Does my most humiliating moment beat yours?
We all have our most humiliating moments. Here's a major one of mine.
A few years back, I was lucky enough to be able to take three weeks off and head for the Hawaiian Islands.
For the first two weeks, I will be staying on the Big Island at a friend's (vacant) condo right on the beach outside Kona-Kailua. The third week, I already had my permit to backpack the 11-mile Kalalau Trail over on Kauai's beautiful and inaccessible Na Pali coast. Bucket list time.
To say I was super stoked would be a massive understatement.
Oh, you should also know that a long-term relationship with my girlfriend had recently collapsed. Unfortunately, as you will see, this status will become a major factor in my forthcoming destiny with total humiliation.
My first few days in Shangri-La are dedicated to acclimating to my tropical South Pacific environs as well as losing my telltale pasty Mount Hood rainforest pigmentation. There's nothing better than having your day planner read: "snorkel; lay on beach; body surf; lay on beach; take long day hike in the jungle." I was definitely due for such a baptism in totally for-pleasure-only pursuits.
After a few days, my good fortune included learning about a fairly well-kept secret beach that is regaled as one the most beautiful beach destinations in all of the Hawaiian Islands. There are absolutely no road signs directing you to this remote location. You had to negotiate a narrow, several miles of extremely bumpy dirt road to get there. But believe me, this junket's transportation hassles were well worth it.
On my first visit out to this secret seventh heaven, I absolutely cannot believe my eyes.
Where that primitive road ends, a small dune of sand rises up in a long, curving protective bank that—just like a luscious panorama in an epic Hollywood movie—holds a picturesque wall of tall coconut palms. When you walk the path up to the top of this little hillside and stand there beneath those palms, your immediate vista completely takes your breath away.
Out before you, a large cove with unbelievably truly aqua blue water — the very color of Paul Newman's eyes — laps up onto sand the color of pure powder snow. As your bare toes transport you down into the warmth of that remarkable sand and your lungs fill with a sweetness of banana plants and passion flower, you feel just like Robinson Crusoe.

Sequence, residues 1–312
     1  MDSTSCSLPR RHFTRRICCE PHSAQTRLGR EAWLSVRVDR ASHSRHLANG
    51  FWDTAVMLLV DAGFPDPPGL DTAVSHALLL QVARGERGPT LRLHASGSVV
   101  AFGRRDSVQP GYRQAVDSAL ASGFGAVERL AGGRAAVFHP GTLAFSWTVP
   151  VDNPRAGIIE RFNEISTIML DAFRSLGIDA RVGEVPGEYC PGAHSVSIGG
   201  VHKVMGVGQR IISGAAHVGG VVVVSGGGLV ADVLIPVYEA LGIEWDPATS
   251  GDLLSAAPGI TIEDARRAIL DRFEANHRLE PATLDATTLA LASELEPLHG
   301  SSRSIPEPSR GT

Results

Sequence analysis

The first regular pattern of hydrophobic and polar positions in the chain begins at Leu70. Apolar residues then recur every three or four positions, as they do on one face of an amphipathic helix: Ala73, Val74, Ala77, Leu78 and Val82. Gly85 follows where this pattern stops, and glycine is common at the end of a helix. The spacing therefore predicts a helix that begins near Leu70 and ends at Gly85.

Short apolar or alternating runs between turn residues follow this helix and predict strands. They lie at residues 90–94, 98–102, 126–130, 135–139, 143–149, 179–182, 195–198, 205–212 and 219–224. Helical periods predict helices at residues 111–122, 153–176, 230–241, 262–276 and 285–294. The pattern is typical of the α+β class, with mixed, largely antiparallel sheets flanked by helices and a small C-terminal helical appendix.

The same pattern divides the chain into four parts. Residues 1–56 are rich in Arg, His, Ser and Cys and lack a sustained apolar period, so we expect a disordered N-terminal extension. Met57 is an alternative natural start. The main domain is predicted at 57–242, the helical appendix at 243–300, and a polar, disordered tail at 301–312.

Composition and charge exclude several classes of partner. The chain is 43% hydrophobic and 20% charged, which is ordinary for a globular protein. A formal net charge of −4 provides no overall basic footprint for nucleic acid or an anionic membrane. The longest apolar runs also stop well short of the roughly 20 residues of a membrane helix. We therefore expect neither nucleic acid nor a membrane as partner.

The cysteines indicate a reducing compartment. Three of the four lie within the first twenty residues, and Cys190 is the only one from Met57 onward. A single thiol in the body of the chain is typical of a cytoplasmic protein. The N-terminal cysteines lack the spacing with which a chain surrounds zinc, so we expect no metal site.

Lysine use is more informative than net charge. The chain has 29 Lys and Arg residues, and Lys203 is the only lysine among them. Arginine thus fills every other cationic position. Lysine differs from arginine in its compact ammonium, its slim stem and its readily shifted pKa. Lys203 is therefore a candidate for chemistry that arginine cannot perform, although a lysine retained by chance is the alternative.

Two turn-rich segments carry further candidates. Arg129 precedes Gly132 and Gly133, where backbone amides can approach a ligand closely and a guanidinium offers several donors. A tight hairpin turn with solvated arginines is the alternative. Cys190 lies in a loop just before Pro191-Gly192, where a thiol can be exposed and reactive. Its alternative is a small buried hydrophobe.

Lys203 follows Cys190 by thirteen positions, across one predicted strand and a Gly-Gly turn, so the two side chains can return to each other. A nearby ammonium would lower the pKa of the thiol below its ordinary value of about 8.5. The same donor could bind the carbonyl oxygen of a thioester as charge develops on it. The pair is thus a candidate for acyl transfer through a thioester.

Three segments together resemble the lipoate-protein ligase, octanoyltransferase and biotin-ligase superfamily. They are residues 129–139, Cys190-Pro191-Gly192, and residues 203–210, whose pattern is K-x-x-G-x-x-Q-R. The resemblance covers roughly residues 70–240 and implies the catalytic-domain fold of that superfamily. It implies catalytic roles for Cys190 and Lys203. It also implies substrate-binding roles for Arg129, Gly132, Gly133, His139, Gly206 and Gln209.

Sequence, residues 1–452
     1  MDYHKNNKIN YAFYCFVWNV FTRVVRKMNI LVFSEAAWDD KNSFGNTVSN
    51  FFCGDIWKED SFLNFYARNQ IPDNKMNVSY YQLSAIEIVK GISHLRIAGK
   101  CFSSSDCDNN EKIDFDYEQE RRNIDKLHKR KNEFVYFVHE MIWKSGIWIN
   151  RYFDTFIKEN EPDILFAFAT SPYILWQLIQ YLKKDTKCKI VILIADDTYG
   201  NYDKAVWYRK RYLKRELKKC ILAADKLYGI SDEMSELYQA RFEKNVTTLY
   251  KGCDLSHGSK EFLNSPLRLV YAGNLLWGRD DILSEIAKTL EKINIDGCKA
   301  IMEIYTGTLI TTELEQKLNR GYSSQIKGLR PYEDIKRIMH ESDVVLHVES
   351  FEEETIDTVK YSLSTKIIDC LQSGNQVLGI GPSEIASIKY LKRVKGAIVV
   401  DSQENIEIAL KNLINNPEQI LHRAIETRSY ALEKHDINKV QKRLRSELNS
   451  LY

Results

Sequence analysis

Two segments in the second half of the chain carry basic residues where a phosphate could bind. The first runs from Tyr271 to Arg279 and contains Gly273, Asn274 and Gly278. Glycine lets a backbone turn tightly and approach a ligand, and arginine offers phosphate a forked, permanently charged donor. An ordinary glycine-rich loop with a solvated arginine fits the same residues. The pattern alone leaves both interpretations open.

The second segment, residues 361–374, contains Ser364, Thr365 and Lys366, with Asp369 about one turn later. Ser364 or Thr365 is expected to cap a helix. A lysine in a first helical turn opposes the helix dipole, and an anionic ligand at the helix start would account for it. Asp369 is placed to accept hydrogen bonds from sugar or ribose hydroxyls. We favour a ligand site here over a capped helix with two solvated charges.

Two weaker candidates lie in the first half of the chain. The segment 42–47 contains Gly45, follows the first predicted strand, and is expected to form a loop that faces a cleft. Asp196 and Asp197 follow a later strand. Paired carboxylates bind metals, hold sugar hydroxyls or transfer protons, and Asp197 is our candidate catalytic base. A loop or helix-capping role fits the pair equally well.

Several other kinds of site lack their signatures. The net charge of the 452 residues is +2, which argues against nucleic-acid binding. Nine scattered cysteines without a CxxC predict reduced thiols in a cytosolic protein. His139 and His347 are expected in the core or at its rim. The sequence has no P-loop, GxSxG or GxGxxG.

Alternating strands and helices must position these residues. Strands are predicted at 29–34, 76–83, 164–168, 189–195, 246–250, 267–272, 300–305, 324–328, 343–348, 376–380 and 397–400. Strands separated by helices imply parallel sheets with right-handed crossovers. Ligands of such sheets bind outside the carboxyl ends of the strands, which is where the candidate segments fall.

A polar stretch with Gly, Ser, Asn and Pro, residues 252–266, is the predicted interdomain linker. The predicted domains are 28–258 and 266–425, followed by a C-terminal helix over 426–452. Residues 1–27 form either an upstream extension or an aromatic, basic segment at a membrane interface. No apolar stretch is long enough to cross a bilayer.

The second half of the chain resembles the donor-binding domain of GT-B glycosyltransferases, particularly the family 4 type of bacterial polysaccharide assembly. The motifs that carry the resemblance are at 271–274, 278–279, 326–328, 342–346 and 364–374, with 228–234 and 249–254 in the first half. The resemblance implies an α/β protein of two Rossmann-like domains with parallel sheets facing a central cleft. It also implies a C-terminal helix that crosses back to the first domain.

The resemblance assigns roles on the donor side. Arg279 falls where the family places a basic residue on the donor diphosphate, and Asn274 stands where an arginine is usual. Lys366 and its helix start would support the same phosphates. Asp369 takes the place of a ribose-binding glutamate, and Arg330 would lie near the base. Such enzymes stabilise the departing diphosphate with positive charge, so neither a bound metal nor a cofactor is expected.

During my two-week stay on Hawaii, I make several trips out to this clandestine paradise. Several times, often for entire afternoons, I am the only person there. There are never more than one or two other parties who share this secret South Pacific rendezvous with me. This welcoming cove with its alluring white sands beach is several hundred yards long. There is plenty of room for everyone lucky enough to venture here.
While I find tremendous inner joy in communing with this special beach, as well as with the other coastal destinations and jungle hikes that I explore, a constant undertow of negativity also keeps surfacing.
I am lonely.
Because the condo where I am staying has a kitchen, that's where I'm eating all my meals. Solo Suzuki time. Every new morning I tell myself: "OK, tonight after dinner, you're going out and check out the night life."
But every night after dinner, with the wonderful smell and sound of those warm waves massaging my senses through my open windows, it just feels right to stay put, to read, to write on my laptop.
Truth be told, the last time I visited the Kona Coast I was in my 20s. This kid hit the bar scene practically every night. Ah, youth.
But a couple decades later, the siren call of those midnight lounges had totally abandoned my adult radar. Whether I liked it or not, I was a solitary man. (Key the 1966 Neil Diamond woe-is-me hit song. First verse: "Melinda was mine till the time that I found her...")
With just a couple days left before I bid Kona adieu and depart for Kauai and chapter two of my great Hawaiian getaway, I want to make one final visit out to "my" special cove and beach.
When I arrive at the end of the road that day, there is one other car already there. A wee bit disappointed that I won't be having the beach all to myself, I quickly scold myself for being such a cry-baby wimp curmudgeon.